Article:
Shows a photocell type of smoke detector which depends on the operation of light scattering due to the smoke particles entering a light tight chamber.

Ionization detectors
Ionization detectors on the other hand operate upon the principle that a small electric current can be carried through the ionized air. An energy source is used to ionize the air molecules inside the sensing chamber. When a voltage is applied across the two ends of the chamber, it causes a small flow of electric current through the ionized air. In case of the smoke entering the chamber, some of the ions present inside it, attach themselves to the smoke particles instead of the air molecules. These ionized smoke molecules or particles are much bulkier in size and proportion and therefore have slower rate of movement from one end towards another end of the chamber. As a result the smoke in the chamber decreases the flow of ions and consequently the flow of current decrease. An alarm is sounded by the electric circuit which detects the drop in the current and turns the alarm on.

Shows an ionization type of smoke detector where the current flow of ionized air is decreased due to the presence of smoke particles inside the sensing chamber

Dual Chamber Detector

A dual chamber detector uses two chambers of ionization and it is shown below, where one is the sensing chamber which works due to change in the particle matters, humidity and atmospheric pressure. The other chamber is the reference chamber, which is usually partially closed from outside air and is influenced only by humidity and pressure of the atmosphere because of the tiny openings blocking the entry of later particulate matter which includes particles of combustion. The electronic circuitry is used to monitor both chambers and compares the outputs generated by both. The change in humidity or atmospheric pressure can affect the outputs of both chambers since they are affected equally and cancel each other. When the particles of combustion enter the sensing chamber, its current decreases, whereas the current of reference chamber remains unchanged. The resulting current imbalance is detected by the electronic circuitry.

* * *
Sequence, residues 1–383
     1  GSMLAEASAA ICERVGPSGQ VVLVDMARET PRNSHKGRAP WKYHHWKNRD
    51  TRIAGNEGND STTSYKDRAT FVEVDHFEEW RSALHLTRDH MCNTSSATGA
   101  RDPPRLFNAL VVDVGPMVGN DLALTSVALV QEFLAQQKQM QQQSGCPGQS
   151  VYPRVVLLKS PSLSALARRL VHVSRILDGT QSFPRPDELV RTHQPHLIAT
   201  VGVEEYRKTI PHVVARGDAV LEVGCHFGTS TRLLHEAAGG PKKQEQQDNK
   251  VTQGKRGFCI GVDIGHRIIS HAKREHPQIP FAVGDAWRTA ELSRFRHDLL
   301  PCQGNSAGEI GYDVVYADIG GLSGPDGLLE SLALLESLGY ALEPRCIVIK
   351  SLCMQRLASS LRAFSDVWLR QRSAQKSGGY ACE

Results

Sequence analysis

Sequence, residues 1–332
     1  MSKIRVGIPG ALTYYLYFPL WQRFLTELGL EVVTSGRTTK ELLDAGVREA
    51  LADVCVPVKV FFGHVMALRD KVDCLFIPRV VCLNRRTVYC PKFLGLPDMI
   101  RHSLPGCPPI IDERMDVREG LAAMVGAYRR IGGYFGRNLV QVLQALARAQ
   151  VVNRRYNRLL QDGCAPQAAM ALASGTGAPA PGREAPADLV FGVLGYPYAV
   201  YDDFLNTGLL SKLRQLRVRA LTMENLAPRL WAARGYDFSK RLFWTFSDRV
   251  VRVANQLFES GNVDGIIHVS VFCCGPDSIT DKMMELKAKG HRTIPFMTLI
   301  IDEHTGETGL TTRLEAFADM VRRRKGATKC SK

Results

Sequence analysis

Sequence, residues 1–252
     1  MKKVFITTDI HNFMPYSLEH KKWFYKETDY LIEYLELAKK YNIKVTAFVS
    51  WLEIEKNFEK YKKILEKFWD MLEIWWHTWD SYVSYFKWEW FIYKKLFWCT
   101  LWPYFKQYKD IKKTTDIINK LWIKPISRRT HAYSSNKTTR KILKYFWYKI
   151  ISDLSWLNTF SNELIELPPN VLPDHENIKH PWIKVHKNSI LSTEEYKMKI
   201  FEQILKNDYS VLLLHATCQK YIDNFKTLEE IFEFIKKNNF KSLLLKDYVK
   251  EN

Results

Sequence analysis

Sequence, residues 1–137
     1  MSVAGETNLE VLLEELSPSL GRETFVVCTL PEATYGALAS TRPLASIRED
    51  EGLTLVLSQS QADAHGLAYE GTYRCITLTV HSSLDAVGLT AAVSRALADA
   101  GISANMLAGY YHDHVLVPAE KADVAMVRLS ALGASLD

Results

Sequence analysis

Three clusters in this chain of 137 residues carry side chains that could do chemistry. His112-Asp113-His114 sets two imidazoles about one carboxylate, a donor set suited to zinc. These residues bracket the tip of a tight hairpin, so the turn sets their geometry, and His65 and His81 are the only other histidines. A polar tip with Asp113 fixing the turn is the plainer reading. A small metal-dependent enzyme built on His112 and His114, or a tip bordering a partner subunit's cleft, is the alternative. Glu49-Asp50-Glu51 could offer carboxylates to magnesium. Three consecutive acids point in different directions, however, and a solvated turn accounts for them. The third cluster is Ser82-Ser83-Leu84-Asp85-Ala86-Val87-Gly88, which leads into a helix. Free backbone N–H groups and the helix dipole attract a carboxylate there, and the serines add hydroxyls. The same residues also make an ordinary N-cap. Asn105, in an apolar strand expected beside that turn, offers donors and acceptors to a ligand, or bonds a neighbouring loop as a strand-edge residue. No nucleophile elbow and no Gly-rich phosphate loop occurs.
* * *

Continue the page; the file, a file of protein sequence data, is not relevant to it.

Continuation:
Pattern of Particle radiation

Distribution of Ions

Distribution of ions and particles

Dual chamber

Dual chamber with combustion particles

Comparision of the specification of a general purpose smoke detector

Smoke Detector Selection

In case of residential or household level smoke detectors, either type of detector can be used for detecting the fire with an early warning smoke alarm system. When it comes to selecting the best model for the purpose of smoke detection the Ionization detectors are faster for the purpose of detecting fires with flames, whereas, the photoelectric counterpart can be better used to detect smouldering fires. This is because smoke is composed of particles and some particles fall within the range of ionization detectors and others within the range of photoelectric detectors. And if we need a really specific form of detector we combine the two detector types to construct it for specific fumes/gasses.